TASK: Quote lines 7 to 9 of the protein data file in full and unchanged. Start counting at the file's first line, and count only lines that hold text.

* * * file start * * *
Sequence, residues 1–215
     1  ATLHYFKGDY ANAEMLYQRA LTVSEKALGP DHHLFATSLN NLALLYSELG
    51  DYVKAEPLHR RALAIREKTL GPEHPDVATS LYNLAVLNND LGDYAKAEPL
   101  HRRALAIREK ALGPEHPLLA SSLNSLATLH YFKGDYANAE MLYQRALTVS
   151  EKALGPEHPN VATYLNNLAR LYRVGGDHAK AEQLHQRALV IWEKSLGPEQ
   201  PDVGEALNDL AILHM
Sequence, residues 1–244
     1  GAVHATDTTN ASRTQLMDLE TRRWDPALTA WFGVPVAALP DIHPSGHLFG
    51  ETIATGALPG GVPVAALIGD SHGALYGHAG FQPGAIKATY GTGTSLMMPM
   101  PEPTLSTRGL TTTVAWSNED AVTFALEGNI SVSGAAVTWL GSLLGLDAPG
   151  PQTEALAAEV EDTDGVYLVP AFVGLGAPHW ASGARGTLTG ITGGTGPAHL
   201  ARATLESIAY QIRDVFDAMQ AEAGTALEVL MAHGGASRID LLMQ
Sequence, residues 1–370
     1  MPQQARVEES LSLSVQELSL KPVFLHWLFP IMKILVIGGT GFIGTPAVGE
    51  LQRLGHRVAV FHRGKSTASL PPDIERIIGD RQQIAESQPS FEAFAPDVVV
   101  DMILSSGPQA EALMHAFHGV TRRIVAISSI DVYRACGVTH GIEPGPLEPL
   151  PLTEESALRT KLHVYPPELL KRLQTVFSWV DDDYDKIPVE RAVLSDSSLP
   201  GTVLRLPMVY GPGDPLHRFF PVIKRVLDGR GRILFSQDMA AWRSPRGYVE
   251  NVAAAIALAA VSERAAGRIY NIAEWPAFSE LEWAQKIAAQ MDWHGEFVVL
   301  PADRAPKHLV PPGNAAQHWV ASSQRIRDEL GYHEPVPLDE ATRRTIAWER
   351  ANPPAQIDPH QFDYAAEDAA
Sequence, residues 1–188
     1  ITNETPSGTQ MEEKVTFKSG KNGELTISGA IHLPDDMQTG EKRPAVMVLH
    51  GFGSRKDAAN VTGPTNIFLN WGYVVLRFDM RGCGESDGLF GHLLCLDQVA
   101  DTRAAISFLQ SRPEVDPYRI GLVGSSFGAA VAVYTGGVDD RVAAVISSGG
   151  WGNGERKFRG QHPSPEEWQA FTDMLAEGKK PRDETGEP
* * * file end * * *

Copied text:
Sequence, residues 1–244
     1  GAVHATDTTN ASRTQLMDLE TRRWDPALTA WFGVPVAALP DIHPSGHLFG
    51  ETIATGALPG GVPVAALIGD SHGALYGHAG FQPGAIKATY GTGTSLMMPM